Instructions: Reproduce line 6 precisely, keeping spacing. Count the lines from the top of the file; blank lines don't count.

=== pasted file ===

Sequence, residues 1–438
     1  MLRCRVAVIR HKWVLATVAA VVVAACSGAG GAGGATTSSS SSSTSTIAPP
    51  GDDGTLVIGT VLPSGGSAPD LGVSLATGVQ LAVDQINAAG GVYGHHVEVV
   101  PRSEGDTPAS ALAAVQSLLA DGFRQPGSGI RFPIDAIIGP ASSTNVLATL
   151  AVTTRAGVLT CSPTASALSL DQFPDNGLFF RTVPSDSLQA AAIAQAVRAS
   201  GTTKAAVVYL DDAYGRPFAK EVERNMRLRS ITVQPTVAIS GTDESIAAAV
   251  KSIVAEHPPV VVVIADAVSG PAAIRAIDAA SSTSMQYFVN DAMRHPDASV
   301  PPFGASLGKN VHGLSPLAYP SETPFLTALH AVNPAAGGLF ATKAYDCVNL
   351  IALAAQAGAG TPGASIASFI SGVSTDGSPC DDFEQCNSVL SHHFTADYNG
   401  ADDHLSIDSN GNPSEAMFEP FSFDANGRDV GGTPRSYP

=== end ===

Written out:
   201  GTTKAAVVYL DDAYGRPFAK EVERNMRLRS ITVQPTVAIS GTDESIAAAV